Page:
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Serum oxidized low-density lipoproteins in rheumatoid arthritis.
Rheumatol Int 2004; 24(4):230-3RI

Abstract

OBJECTIVE

The aim of this study was to measure serum oxidized low-density lipoprotein (Ox-LDL) levels in patients with rheumatoid arthritis (RA) or systemic lupus erythematosus (SLE) and to identify any association with clinical variables.

METHODS

We studied 126 female patients (27 with active RA, 27 with inactive RA, 72 with SLE). One hundred fifteen age-matched healthy women (76 for RA, 39 for SLE) with no clinical or laboratory evidence of disease served as normal controls. Serum Ox-LDL levels were measured with a commercial enzyme-linked immunosorbent assay kit (Mercodia, Sweden).

RESULTS

The serum Ox-LDL levels were significantly higher in patients with active RA (P<0.05) or SLE (P<0.01) than age-matched controls and significantly higher in patients with active RA than with inactive RA (P<0.01). The levels of serum total cholesterol and LDL were significantly lower in patients with RA than in age-matched controls (P<0.01). There was no correlation among serum Ox-LDL levels and inflammatory markers (erythrocyte sedimentation rate, C-reactive protein) or rheumatoid factors in patients with RA.

CONCLUSIONS

Compared with healthy women, those with SLE or active RA had increased serum Ox-LDL levels, which may contribute to the increased risk of cardiovascular disease in this patient group.

Authors+Show Affiliations

Division of Allergy and Rheumatology, Department of Internal Medicine, University of Ulsan College of Medicine, Asan Medical Center, Seoul, Korea. junjan@dongguk.ac.krNo affiliation info availableNo affiliation info availableNo affiliation info availableNo affiliation info availableNo affiliation info availableNo affiliation info available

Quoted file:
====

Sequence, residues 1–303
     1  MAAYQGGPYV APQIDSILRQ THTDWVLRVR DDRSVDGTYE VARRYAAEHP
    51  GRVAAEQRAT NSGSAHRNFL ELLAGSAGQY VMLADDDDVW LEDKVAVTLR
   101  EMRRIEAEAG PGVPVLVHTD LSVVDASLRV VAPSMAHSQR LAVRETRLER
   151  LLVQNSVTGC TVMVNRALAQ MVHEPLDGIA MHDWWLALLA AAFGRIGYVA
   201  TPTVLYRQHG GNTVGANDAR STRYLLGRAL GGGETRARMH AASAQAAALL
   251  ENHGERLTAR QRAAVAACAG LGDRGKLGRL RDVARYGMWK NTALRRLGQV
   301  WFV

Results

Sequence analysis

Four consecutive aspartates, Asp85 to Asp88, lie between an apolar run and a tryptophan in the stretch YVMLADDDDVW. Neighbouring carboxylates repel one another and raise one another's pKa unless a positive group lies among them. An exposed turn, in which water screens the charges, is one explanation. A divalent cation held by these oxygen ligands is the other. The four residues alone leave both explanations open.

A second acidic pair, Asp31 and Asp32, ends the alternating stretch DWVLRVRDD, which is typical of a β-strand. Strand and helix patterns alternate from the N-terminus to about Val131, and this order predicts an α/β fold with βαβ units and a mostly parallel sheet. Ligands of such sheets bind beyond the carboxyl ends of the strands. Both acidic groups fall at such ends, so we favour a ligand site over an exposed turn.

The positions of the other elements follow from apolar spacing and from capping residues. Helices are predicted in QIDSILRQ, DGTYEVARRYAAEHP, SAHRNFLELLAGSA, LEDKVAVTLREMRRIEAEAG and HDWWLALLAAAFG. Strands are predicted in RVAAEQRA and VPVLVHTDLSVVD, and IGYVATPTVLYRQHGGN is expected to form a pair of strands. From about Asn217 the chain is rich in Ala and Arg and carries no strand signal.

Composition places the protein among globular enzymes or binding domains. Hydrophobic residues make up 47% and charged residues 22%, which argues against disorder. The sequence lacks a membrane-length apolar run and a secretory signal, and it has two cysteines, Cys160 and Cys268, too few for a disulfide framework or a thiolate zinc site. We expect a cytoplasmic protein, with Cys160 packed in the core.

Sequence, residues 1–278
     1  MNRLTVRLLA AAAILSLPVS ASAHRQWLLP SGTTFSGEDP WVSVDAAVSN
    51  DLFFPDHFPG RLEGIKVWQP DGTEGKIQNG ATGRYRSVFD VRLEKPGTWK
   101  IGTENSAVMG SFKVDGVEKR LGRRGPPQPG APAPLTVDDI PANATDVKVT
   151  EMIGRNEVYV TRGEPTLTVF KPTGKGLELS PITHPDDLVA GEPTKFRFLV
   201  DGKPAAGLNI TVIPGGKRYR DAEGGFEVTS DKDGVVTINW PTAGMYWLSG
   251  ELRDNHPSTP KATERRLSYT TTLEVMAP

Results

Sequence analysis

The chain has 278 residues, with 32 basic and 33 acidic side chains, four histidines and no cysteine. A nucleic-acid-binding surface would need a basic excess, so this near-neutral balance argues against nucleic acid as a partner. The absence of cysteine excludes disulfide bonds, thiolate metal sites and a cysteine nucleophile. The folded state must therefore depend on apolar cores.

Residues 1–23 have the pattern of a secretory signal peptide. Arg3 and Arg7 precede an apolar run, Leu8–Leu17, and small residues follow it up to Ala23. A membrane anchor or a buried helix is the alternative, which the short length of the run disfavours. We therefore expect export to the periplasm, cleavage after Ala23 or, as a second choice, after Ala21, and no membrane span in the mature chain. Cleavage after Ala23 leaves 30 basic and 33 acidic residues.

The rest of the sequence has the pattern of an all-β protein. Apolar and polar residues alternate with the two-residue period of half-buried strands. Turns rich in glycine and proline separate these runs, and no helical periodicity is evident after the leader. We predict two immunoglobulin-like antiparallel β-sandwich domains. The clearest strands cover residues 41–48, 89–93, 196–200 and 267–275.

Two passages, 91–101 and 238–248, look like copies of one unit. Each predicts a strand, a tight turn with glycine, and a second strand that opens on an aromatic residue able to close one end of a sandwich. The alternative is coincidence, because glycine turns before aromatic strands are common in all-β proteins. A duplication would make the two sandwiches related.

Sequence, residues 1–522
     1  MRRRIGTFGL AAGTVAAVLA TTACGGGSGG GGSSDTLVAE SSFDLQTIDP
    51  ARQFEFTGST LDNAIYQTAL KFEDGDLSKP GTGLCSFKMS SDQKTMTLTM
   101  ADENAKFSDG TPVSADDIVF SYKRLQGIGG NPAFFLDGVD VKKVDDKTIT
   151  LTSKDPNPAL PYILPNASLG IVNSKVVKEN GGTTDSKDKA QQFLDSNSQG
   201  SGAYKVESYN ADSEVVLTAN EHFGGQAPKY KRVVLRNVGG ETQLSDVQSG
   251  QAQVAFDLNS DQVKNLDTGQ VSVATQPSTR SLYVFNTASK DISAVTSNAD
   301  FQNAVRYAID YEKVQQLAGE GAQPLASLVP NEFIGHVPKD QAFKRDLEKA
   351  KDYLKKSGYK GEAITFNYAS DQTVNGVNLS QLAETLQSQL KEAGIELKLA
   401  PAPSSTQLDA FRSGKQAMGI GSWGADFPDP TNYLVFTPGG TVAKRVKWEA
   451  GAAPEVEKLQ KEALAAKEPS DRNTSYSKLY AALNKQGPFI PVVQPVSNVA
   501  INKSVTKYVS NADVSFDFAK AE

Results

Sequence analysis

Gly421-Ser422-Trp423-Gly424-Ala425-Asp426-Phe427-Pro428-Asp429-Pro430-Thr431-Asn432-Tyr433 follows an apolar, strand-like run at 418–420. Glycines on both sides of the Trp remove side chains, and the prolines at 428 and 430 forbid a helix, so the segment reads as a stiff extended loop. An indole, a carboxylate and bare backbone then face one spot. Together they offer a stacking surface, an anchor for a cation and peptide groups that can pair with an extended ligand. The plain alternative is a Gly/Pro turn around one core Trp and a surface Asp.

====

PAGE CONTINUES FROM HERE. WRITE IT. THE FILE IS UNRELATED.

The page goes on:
Pub Type(s)

Journal Article

Language

eng

PubMed ID

14628150

Citation

Kim, Seong-Ho, et al. "Serum Oxidized Low-density Lipoproteins in Rheumatoid Arthritis." Rheumatology International, vol. 24, no. 4, 2004, pp. 230-3.
Kim SH, Lee CK, Lee EY, et al. Serum oxidized low-density lipoproteins in rheumatoid arthritis. Rheumatol Int. 2004;24(4):230-3.
Kim, S. H., Lee, C. K., Lee, E. Y., Park, S. Y., Cho, Y. S., Yoo, B., & Moon, H. B. (2004). Serum oxidized low-density lipoproteins in rheumatoid arthritis. Rheumatology International, 24(4), pp. 230-3.
Kim SH, et al. Serum Oxidized Low-density Lipoproteins in Rheumatoid Arthritis. Rheumatol Int. 2004;24(4):230-3. PubMed PMID: 14628150.
* Article titles in AMA citation format should be in sentence-case
TY - JOUR T1 - Serum oxidized low-density lipoproteins in rheumatoid arthritis. AU - Kim,Seong-Ho, AU - Lee,Chang-Keun, AU - Lee,Eun Young, AU - Park,So Yeon, AU - Cho,You Sook, AU - Yoo,Bin, AU - Moon,Hee-Bom, Y1 - 2003/11/20/ PY - 2003/04/07/received PY - 2003/06/16/accepted PY - 2003/11/25/pubmed PY - 2004/12/24/medline PY - 2003/11/25/entrez SP - 230 EP - 3 JF - Rheumatology international JO - Rheumatol. Int. VL - 24 IS - 4 N2 - OBJECTIVE: The aim of this study was to measure serum oxidized low-density lipoprotein (Ox-LDL) levels in patients with rheumatoid arthritis (RA) or systemic lupus erythematosus (SLE) and to identify any association with clinical variables. METHODS: We studied 126 female patients (27 with active RA, 27 with inactive RA, 72 with SLE). One hundred fifteen age-matched healthy women (76 for RA, 39 for SLE) with no clinical or laboratory evidence of disease served as normal controls. Serum Ox-LDL levels were measured with a commercial enzyme-linked immunosorbent assay kit (Mercodia, Sweden). RESULTS: The serum Ox-LDL levels were significantly higher in patients with active RA (P<0.05) or SLE (P<0.01) than age-matched controls and significantly higher in patients with active RA than with inactive RA (P<0.01). The levels of serum total cholesterol and LDL were significantly lower in patients with RA than in age-matched controls (P<0.01). There was no correlation among serum Ox-LDL levels and inflammatory markers (erythrocyte sedimentation rate, C-reactive protein) or rheumatoid factors in patients with RA. CONCLUSIONS: Compared with healthy women, those with SLE or active RA had increased serum Ox-LDL levels, which may contribute to the increased risk of cardiovascular disease in this patient group. SN - 0172-8172 UR - https://www.unboundmedicine.com/medline/citation/14628150/full_citation L2 - https://dx.doi.org/10.1007/s00296-003-0358-4 DB - PRIME DP - Unbound Medicine ER -